West Wales War Memorial Project
West Wales War Memorial Project

Cardigan WW2 War Memorial

Cardigan lies on the estuary of the River Teifi at the point where Ceredigion and Pembrokeshire meet. The site was chosen as a strategically important point for the building of its Norman Castle, by Robert Montgomery in 1093. It was the county town of the pre-1974 county of Cardiganshire, and is the second largest town in Ceredigion. In 1199 the town received its first charter and was an important trade centre, with the river becoming an important port, where goods were imported and exported all over the world, until the river silted up. During both World Wars, Cardigan contributed a large number of men and women to the forces, and many of these were to sadly lose their lives. The fallen are commemorated on the Cardigan Cenotaph, which is located at Victoria Gardens on North Road. There is a fine marble memorial in St. Mary's Church at Cardigan which replicates the same names of those who fell during the Great War.

World War Two, 1939-1945

 

Donald Adams. This man cannot be positively identified.

 

Henry Charles Booker, Private, Home Guard. Henry was the son of Edmund and Lillian Booker, of Bristol, and the husband of Lillian Booker, of Bristol. He served with the 2nd Cardiganshire Battalion, Home Guard. Henry died on active service on 7 March 1944, aged 37, and is buried at Cardigan Cemetery.

William James Bowen, Assistant Steward, 213674, Naval Auxiliary Personnel (Merchant Navy). William was from Cardigan, but had run away from home to go to sea, probably ending up in Dinas. He initially served in the Merchant Navy, before being seconded to the Royal Navy, and served aboard HMS Avenger. Avenger was one of four motor-ships laid down under Maritime Commission contract, by the Sun Shipbuilding & Drydock Co. at Chester, Pennsylvania, and launched on 27 November 1940. In 1942 she was rebuilt from a US merchant ship, as the second of 38 converted C3 escort carriers turned over to Great Britain during the war. She was commissioned as an escort carrier on 2 March 1942 and served with Convoy PQ-18 (sinking one U-boat on the journey), before participating in Operation Torch (the invasion of North Africa). HMS Avenger was sunk by a German submarine as she was heading back from Africa to her home port Clyde on 15 November 1942. The explosion that sank her left only 12 survivors out of a total crew of 550 men. William was one of the men killed that day. He was 19 years old, and is commemorated on the Liverpool Naval Memorial.

 

William Oliver George Bryan, Fourth Engineer Officer, Merchant Navy. William was the son of John and Virginia Bryan. He served with the Merchant Navy aboard the MV Lady Glanely, a Cardiff registered steamer. On 2 December 1940, Lady Glanely was on route from Vancouver via Panama and Bermuda to London carrying a cargo of wheat and timber, when she was torpedoed by the German submarine U-101 and sunk with the loss of 31 men. William was 23 years old when he died aboard her that day, and is commemorated on the Tower Hill Memorial, London.

David Christopher Lynn Davies, Third Engineer Officer, Merchant Navy. David was the son of Thomas Davies, and Margaret Davies, of Cardigan. He served with the Merchant Navy aboard the SS Tymeric, a Glasgow registered cargo steamer. On 23 November 1940, she was on route from Hull for Buenos Aires, carrying a cargo of coal, when she was torpedoed by the German submarine U-123 and sunk with the loss of 78 lives. David was 24 years old when he died that day, and is commemorated on the Tower Hill Memorial, London.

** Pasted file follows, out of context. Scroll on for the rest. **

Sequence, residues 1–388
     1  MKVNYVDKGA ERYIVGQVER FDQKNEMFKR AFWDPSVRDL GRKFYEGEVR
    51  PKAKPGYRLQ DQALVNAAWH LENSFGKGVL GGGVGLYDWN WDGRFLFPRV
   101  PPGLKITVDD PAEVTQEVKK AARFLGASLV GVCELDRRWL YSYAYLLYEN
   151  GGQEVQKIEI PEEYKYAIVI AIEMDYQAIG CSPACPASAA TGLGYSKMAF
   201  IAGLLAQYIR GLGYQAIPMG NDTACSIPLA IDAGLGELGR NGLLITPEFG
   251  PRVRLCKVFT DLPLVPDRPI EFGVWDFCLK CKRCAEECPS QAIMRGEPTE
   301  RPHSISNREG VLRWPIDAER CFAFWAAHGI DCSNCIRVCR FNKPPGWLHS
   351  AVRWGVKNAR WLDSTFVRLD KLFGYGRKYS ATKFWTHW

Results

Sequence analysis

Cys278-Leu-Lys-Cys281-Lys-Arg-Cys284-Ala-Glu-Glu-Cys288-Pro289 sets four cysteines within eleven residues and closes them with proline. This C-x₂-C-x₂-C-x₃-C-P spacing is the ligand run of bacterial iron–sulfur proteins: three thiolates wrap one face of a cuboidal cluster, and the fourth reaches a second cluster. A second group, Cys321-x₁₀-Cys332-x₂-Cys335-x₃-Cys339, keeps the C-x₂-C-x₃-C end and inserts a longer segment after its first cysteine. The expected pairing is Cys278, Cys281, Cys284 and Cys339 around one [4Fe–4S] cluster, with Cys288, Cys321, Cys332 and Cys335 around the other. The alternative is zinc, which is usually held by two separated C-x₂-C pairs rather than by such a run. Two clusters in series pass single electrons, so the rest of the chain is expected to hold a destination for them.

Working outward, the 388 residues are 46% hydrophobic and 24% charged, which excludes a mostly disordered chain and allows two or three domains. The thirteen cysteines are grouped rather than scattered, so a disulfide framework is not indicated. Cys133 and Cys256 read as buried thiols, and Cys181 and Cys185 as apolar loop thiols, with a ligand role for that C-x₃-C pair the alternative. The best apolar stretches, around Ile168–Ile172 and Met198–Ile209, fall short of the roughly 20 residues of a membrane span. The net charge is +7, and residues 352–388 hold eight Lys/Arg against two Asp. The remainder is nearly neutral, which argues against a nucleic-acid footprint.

Evan Arthur Davies, Flight Lieutenant, 101537, Royal Air Force Volunteer Reserve. Evan was the son of Evan Jenkin and Catherine Davies, of Talfryn, Cardigan, and the husband of Elizabeth Lilian Davies, of Pembrey. He served as a Pilot with 50 Squadron, Royal Air Force, which was a heavy bomber squadron, equipped with the Avro Lancaster Mark I, based at RAF Skellingthorpe. Evan was killed when his Lancaster was shot down over France on 13 February 1943. He was 32 years old, and is buried at Gavres Communal Cemetery, France.

 

Irwin Arthur Davies, Chief Officer, Merchant Navy. Irwin was the son of Evan and Hannah Davies, and the husband of Mary Edith Davies, of Cardigan. He served with the Merchant Navy aboard the SS Newbury, a London registered steamer. On 15 September 1941, she was on route from Cardiff for Buenos Aires carrying a cargo of coal, when she was torpedoed by the German submarine U-94, and sunk with the loss of 45 lives. Irwin was 46 years old when he died that day, and is commemorated on the Tower Hill Memorial, London.

John Owen Davies, Bombardier, 799227, Royal Artillery. John was the son of Thomas and Mary Ann Davies, and the husband of Emily Mary Davies, of Cardigan. He served during the war with 407 Battery, 146 (The Pembroke Yeomanry) Field Regiment, Royal Artillery. The battery served in the North African campaign, before taking part in the landings at Sicily and Salerno. It remained in Italy until after the armistice. John survived the war but died on 23 December 1946, aged 53. He is buried at Manordeifi (St. David) Churchyard. John does not seem to be commemorated in Cardigan.